Cell Phone Songs
When one attends a theatrical performance, one expects someone from the company to make an all too predictable, but all too necessary announcement, asking people in the audience to turn off their cell phones. For a number of years, the Gilbert & Sullivan Very Light Opera Company felt that it wasn’t necessary for us to make such an announcement, trusting that everyone attending our performances would act appropriately. We were wrong …
During an early performance of our 2004 production of Iolanthe, we all heard it. Someone in the audience had a cell phone that began ringing … a particularly irritating, surprisingly loud ring. We assumed, of course, that the phone’s owner would quickly find their phone and turn it off. We were wrong …
In the center of the house, a man answered the phone with a loud, “Hello.” As the performance continued on stage, he stood up, and stepped over the ten or so people next to him in the row to make it out to the aisle. He walked up the aisle and out of the theater, continuing his conversation with the caller the entire time.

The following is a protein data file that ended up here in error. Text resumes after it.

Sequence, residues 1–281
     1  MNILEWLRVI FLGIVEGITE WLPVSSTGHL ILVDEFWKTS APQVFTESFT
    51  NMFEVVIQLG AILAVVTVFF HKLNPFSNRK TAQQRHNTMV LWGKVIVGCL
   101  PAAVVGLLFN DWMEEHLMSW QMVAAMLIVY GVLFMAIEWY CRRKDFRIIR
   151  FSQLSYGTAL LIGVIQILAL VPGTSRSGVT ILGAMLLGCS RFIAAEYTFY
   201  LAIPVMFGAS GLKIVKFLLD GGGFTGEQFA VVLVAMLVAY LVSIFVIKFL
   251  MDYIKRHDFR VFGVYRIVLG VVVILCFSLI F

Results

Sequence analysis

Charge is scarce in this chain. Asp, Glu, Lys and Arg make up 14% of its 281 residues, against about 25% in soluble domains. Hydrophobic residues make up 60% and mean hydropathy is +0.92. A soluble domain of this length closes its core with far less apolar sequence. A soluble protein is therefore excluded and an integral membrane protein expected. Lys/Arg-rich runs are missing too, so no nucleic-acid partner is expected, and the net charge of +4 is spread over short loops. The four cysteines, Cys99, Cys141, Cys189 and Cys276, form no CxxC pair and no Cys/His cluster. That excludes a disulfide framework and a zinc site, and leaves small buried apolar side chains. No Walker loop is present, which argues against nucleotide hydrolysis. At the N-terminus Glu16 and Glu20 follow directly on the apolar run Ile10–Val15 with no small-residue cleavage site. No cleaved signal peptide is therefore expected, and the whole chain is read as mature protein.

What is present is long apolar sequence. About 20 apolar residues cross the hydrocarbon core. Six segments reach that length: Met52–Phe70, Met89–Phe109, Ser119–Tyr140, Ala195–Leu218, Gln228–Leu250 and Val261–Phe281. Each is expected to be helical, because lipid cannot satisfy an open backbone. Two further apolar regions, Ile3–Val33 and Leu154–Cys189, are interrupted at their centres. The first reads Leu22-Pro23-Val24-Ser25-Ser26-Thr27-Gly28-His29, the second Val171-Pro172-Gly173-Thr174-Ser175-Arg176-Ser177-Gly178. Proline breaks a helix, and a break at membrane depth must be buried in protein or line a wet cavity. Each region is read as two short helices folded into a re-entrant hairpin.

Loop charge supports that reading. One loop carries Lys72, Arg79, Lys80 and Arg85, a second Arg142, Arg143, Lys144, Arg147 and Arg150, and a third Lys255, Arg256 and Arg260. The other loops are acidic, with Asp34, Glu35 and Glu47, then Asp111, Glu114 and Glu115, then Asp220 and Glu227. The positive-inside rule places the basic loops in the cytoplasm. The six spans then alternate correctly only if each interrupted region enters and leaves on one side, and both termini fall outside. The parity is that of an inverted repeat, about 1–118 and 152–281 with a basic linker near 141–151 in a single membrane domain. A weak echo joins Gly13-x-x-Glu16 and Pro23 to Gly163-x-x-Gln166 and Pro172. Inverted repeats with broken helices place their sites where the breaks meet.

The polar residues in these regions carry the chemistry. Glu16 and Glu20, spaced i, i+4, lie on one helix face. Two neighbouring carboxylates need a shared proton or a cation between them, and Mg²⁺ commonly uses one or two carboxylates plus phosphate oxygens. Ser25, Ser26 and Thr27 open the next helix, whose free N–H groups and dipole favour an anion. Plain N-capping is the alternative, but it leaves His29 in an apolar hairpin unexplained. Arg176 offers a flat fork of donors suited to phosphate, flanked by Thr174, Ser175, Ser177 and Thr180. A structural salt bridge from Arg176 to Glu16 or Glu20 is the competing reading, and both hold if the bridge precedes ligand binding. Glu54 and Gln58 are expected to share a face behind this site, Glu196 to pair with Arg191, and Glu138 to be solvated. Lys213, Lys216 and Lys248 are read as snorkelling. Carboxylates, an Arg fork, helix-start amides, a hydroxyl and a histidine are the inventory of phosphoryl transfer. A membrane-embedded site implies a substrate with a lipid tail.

We suddenly faced a dilemma. Were we to become one of those theater companies that had to make a typical, mundane cell phone announcement? No! Ernest Brody, one of our company members, hit upon a wonderful idea. He selected a song from the show, “Spurn Not the Nobly Born,” and wrote humorous alternative lyrics, to be sung to the audience, asking them to turn off their cell phones.
In the performances of Iolanthe that followed, James Ahrens, who was playing Lord Tolloller, and the Men’s Chorus, sang the new announcement to the great amusement of the audience.
Since then, Cell Phone Songs have become an established tradition for the company. Before every performance, a member or members of the cast will perform a song from the show for which alternative lyrics have been written.
Our audiences have told us how much they enjoy the humorous approach of these songs and they are happy to turn off their cell phones … mostly!
“A pleasant journey, very,
To your convenient cell
In yonder cemetery!”
The Grand Duke